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McClellion v. State

Alabama Court of Criminal Appeals

November 21, 2014

Whitney K. McClellion
v.
State of Alabama

Released for Publication July 15, 2015.

Appeal from Autauga Circuit Court. (CC-12-266). Sibley G. Reynolds, Trial Judge.

For Appellant: Kimberly Paige Kervin, Prattville.

For Appellee: Luther Strange, atty. gen., and Laura I. Cuthbert, asst. atty. gen.

BURKE, Judge. Windom, P.J., and Welch, Kellum, and Joiner, JJ., concur.

OPINION

Page 382

BURKE, Judge.

Whitney K. McClellion appeals her convictions for four counts of unlawfully breaking and entering a vehicle, violations of § 13A-8-11, Ala. Code 1975, one count of theft of property in the second degree, a violation of § 13A-8-4, Ala. Code 1975, and three counts of theft of property in the third degree, violations of § 13A-8-5, Ala. Code 1975.

McClellion was originally indicted on 15 counts of unlawfully breaking and entering a vehicle, 8 counts of theft in the second degree, 6 counts of theft in the third degree, 1 count of criminal mischief in the second degree, and 1 count of the attempt to unlawfully breaking and entering a vehicle. Before McClellion's trial, the State moved to dismiss 21 counts; the circuit court granted that motion. At the conclusion of the State's evidence, the State moved to dismiss two additional counts, McClellion was found guilty as to each of the 8 remaining counts, and the circuit court granted that motion.

The State presented evidence at trial that indicated the following. In September 2012, Kathy Dooley noticed that someone had broken into her car and that " many things that were in the car were missing." (R. 21.) The missing items included a white purse, a makeup bag, a pistol, a scarf, and some prescription medicine bottles. Dooley had not given anyone permission to enter her car or to take the missing items. Dooley was a real-estate agent and also kept T-shirts bearing her advertising logo in her car. She gave the T-shirts to clients who had used her agency to purchase or to sell real estate. Also in September 2012, Jessica Howell and her husband, Benton Howell, noticed that someone had broken into, and had taken items out of, their vehicles. The items taken from the Howells vehicles included Benton's briefcase, a " brown book of DVDs and a bottle of tanning lotion and some tanning goggles." (R. 37.) Neither of the Howells had given anyone permission to enter their vehicles or to take the missing items.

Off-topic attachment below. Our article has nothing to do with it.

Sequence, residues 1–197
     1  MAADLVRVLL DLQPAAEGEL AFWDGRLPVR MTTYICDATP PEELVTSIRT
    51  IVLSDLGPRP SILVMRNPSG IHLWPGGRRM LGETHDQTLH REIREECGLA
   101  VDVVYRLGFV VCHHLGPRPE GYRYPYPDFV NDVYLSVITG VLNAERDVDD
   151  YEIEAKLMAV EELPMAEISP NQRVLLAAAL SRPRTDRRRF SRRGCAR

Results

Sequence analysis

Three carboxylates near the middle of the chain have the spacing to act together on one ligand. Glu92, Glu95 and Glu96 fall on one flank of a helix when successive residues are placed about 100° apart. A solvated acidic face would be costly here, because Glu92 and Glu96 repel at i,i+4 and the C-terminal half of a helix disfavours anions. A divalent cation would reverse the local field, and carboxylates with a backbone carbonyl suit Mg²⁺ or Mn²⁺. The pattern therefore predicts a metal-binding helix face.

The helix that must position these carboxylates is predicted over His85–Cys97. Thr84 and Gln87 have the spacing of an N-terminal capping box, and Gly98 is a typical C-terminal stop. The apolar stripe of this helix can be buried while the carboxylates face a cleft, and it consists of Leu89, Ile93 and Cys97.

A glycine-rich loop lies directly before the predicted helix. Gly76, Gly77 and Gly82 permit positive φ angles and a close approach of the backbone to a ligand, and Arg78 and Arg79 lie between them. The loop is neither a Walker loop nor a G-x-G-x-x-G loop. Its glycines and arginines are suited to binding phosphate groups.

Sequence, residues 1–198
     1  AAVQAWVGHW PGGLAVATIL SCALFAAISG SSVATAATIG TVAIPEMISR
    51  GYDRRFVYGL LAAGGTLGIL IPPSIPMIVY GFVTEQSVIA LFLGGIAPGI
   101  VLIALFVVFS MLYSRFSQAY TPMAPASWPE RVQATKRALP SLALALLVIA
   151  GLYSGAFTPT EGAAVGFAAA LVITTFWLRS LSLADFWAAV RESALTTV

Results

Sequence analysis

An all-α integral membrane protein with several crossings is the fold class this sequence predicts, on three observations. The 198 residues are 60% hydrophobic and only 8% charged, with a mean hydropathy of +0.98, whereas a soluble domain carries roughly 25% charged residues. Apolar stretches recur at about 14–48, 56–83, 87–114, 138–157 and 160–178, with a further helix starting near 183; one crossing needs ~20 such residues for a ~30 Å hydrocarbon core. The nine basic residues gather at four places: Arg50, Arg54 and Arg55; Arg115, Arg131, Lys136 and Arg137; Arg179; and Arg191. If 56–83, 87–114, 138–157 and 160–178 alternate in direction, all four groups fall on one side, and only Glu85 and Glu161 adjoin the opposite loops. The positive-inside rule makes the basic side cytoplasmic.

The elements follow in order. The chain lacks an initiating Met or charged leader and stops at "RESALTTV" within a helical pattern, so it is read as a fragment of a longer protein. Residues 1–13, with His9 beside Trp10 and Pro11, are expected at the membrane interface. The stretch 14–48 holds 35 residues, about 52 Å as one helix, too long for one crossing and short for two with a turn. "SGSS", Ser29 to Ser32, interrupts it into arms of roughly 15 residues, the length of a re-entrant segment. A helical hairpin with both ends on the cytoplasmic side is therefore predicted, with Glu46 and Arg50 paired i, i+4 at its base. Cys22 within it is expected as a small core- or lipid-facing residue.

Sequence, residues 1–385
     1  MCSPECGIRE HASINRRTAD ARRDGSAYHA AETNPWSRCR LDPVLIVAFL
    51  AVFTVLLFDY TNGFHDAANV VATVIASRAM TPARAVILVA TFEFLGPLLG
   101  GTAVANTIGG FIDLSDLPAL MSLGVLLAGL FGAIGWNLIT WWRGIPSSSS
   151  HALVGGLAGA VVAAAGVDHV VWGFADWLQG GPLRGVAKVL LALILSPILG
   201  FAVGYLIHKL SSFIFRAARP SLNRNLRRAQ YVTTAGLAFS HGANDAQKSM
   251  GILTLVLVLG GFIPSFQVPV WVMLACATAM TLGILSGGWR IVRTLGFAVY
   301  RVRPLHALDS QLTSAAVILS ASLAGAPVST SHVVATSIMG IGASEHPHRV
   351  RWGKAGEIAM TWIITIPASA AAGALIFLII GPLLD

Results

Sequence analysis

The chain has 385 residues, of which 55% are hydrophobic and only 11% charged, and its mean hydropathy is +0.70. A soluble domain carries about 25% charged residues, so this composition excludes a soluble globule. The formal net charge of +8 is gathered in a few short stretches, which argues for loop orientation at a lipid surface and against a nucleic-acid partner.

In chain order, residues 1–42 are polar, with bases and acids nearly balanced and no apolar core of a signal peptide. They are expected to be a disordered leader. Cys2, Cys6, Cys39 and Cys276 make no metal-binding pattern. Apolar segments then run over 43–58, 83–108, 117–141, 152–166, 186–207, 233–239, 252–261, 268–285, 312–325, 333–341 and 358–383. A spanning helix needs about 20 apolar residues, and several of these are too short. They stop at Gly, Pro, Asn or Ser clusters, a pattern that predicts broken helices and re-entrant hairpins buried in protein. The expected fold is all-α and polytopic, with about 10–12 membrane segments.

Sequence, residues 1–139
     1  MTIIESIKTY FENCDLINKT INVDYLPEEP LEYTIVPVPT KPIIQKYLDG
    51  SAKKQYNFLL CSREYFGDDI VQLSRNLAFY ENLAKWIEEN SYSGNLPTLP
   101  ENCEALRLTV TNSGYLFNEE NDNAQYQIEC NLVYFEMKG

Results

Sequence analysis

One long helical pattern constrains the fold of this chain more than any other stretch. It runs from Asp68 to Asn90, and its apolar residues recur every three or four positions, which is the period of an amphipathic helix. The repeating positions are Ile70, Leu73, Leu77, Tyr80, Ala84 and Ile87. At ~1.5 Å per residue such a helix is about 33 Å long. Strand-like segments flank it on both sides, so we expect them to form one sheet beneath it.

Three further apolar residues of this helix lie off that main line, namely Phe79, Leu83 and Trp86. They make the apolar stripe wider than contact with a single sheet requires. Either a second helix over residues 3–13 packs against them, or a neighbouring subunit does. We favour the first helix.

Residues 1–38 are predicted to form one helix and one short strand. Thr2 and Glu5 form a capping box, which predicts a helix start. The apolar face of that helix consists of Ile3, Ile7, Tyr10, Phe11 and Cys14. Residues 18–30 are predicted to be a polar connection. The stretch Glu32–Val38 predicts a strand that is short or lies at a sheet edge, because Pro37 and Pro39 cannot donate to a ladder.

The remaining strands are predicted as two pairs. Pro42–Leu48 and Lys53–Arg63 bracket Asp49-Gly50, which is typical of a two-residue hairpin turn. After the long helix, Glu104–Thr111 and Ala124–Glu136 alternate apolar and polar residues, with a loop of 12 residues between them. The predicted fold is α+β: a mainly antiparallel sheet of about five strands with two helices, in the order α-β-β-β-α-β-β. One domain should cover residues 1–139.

Lieutenant Steven Adams, an investigator with the Autauga County Sheriff's Office, received a telephone call reporting the fraudulent use of a credit card at the Key West Inn Motel (" the Key West" ) in Millbrook. Lieutenant Adams went to the Key West and learned that Room 109 had

Page 383

been rented to Jeremy Holley[1] for the nights of September 16-18, 2012. The payment for the nights of September 16 and 17 had been made with McClellion's MasterCard credit card; the payment for the night of September 18 had been made with the MasterCard of Donald Dempsey, the man who had reported the fraudulent use of his credit card. The motel registration indicated that Holley and McClellion had been staying in the room the first two nights and that Holley and Dempsey had been staying there on the last night. The desk clerk allowed Lt. Adams to enter room 109, and Lieutenant Adams, who was aware of thefts from vehicles in Autauga County, observed many items inside the room. Because the Key West is in Elmore County, Lieutenant Adams contacted an Elmore County law-enforcement officer, who obtained a search warrant for Room 109.